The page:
“A lot of people here resigned themselves to working more hours than they are on the clock,” she said. “And I decided that from Day One, I wasn’t going to do that.”
For Christal Gaines-Emory, the Daily 49er’s editor-in-chief during the spring semester and the upcoming fall semester, she says her role, which pays $15.50 an hour, would be impossible to do justice within the 20-hour cap.
“It’s a heavy workload, keeping a newspaper running—constant news, constant things going on,” she said, adding that she manages a staff of 35, who also often work over their 10 and 20 hour work caps.
Barbara Kingsley-Wilson, a CSULB journalism professor who serves as an advisor for the Daily 49er and has worked for the Post, empathizes with the students she advises and said that she would support actions that could result in an extension in the amount of hours a student can work, but only if it was something that the student wanted in consideration of their class load.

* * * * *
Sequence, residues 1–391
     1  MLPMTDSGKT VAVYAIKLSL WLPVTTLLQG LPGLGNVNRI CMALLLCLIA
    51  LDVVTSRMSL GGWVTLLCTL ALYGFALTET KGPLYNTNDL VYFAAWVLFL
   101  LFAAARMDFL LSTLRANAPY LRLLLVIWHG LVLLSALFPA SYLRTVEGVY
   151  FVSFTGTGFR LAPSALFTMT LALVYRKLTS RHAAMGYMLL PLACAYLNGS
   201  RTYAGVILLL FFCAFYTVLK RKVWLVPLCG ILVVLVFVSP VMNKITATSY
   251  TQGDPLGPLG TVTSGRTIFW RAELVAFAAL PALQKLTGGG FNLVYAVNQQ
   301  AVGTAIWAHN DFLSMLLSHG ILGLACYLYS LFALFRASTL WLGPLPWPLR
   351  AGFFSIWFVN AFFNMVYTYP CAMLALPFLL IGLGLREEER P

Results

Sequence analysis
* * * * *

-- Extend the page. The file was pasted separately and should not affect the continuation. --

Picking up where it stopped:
“Student media can be demanding,” she said. “It’s something like the real business, which is increasingly beset by consolidation and all these economic pressures. It makes it harder for workers.”
She added that most people she knows in the media industry are in a union.
“We’re supposed to prepare them [for the business]. … Maybe part of the preparation is being in a union and all that entails—job actions, union meetings, union dues,” she said of those working in student media. “Will students who are in the media for a year or two want to sign on for all that? Maybe? Maybe not, I don’t know.”
Gaines-Emory has made the school newsroom her on-campus home. It’s where she does most of her schoolwork and also dedicates at least five hours a day to running the newspaper.
“Sometimes more, sometimes less,” she said. “I spend a lot of late nights there. If it gets to be too late and I’m still not done, I’ll just go back to my dorm. Even if I’m not in the newsroom, I’m still working.”